— Awarded more than $3,000 worth of prizes — including camera kits, gift cards, and others — in the first annual Focus45 photography project.

— Extended the reach of rural artists and their communities. “Our goal with the Fresh Waves (mural program),” Nick Poli says, “is to foster connections between the amazing street art that exists” in other areas of Michigan to bring some of those outside artists into the local Alpena community, get them involved into a program that they may not know exists. Applications for the 2023 Fresh Waves Mural Program are open through April 15.

— The Sunset Project staff is in the process of finishing training and tailoring the “Ending the Silence” program to include Sawyer Boyd's story. Boyd’s mother and sister are among the trained presenters. “So when (The Sunset Project presenters) present in class, not only do they have this evidence-based program that they are presenting, they have a personal connection and a personal story to mental illness and suicide that they'll be sharing,” MacDonald says,  “which we think is is a huge benefit because it allows people to really experience in the classroom what that real life personal connection and that heartbreak is really about in their own town.”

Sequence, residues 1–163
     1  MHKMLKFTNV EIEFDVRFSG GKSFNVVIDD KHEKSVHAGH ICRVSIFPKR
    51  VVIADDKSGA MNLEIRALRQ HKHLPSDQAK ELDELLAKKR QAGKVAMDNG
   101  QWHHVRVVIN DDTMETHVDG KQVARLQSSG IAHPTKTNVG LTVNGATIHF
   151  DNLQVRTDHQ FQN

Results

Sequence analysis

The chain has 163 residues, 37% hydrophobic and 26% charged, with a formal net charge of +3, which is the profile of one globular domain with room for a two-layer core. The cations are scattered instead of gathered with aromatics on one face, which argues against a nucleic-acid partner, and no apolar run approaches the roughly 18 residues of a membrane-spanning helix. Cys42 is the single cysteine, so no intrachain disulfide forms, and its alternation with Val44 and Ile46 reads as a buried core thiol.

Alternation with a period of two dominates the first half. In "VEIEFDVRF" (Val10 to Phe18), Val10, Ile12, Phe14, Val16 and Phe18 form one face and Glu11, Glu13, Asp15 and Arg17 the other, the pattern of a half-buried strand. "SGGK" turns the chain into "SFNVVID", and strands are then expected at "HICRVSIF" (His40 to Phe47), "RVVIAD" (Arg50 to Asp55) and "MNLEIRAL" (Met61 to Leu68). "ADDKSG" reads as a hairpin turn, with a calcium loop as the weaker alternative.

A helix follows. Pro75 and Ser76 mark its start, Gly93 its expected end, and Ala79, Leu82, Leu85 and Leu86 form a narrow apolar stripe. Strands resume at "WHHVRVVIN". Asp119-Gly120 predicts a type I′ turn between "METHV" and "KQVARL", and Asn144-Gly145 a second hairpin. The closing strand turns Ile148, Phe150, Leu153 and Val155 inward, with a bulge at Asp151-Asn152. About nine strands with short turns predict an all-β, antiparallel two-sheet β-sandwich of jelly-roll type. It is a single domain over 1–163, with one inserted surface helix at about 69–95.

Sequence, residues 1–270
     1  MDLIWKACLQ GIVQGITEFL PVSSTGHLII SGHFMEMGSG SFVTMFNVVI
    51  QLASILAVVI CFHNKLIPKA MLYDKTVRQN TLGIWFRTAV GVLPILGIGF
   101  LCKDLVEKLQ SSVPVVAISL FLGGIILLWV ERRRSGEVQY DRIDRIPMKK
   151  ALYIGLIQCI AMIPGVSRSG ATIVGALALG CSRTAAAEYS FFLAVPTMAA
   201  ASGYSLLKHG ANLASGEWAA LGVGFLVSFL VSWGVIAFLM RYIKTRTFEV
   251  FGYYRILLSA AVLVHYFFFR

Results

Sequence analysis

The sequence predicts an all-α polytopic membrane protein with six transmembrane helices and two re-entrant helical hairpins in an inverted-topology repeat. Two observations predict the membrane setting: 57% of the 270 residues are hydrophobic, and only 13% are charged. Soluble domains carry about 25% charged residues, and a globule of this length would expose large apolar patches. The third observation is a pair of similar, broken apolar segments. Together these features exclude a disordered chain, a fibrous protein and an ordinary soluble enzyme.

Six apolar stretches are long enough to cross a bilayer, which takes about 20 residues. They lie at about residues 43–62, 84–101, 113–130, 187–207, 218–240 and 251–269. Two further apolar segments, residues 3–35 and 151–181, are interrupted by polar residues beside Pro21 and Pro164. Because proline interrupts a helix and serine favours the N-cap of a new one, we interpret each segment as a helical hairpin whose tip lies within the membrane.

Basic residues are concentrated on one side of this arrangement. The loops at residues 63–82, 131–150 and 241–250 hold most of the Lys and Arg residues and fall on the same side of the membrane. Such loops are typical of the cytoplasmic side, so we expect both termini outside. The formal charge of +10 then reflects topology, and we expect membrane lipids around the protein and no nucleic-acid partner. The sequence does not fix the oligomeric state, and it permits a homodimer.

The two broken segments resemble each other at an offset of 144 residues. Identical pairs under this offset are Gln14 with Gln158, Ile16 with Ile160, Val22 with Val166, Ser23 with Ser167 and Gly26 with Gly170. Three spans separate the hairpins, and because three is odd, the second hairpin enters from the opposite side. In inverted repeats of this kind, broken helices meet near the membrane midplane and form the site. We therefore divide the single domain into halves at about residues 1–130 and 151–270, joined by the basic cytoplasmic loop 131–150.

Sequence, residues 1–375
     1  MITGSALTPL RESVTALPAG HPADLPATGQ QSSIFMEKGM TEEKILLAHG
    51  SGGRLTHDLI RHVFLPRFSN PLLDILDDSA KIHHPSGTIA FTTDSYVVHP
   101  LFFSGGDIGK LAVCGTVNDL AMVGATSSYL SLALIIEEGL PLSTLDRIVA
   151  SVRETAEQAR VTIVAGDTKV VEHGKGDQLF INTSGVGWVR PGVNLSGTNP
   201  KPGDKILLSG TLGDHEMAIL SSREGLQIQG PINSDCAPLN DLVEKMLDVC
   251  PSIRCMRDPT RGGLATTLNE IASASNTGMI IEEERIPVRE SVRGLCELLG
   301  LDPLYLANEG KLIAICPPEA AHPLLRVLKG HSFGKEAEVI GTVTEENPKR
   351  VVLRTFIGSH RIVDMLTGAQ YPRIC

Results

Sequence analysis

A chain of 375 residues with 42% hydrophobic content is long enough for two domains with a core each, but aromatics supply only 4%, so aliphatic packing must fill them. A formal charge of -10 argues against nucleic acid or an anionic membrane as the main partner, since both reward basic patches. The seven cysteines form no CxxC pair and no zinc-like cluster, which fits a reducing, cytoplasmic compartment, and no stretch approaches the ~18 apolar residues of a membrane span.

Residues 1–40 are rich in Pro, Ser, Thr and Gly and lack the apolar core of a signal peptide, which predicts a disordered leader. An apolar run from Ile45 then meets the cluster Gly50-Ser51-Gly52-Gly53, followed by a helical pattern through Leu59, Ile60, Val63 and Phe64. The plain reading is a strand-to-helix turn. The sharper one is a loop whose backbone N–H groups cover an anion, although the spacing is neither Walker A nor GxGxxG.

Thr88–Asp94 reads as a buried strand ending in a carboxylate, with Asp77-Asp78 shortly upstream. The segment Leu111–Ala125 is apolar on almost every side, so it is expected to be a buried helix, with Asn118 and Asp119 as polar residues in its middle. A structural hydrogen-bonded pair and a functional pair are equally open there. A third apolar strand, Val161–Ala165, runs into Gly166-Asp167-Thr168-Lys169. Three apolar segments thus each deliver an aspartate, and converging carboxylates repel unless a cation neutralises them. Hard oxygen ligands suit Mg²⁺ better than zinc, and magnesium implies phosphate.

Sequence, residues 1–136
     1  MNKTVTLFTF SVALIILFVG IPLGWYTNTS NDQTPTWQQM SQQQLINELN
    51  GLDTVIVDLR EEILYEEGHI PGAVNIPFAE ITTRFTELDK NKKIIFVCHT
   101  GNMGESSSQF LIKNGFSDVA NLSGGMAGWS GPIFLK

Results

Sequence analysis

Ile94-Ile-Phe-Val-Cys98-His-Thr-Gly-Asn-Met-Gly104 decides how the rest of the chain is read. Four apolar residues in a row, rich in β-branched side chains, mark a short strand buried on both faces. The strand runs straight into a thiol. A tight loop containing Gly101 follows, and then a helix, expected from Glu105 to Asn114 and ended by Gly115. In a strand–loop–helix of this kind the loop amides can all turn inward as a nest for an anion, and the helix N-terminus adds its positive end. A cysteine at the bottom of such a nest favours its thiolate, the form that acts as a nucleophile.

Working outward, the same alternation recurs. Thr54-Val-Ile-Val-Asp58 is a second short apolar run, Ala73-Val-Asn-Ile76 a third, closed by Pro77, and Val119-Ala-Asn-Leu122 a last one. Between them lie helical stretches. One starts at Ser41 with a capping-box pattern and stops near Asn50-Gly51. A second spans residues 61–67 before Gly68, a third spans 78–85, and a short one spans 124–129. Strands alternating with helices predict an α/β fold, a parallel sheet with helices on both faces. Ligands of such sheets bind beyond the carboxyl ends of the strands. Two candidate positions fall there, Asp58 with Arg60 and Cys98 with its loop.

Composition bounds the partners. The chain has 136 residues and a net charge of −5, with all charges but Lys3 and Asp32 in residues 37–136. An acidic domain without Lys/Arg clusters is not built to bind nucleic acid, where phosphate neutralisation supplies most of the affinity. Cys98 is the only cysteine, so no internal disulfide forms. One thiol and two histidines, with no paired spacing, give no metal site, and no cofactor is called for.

What’s next: “We have an incredibly generous and supportive community behind us in northeast Michigan,” MacDonald says.  “People find a lot to be connected to about this organization — whether you're a creative person or you're someone struggling with mental health, or both, you can find something that resonates with you in The Sunset Project.”

Rosemary Parker has worked as a writer and editor for more than 40 years.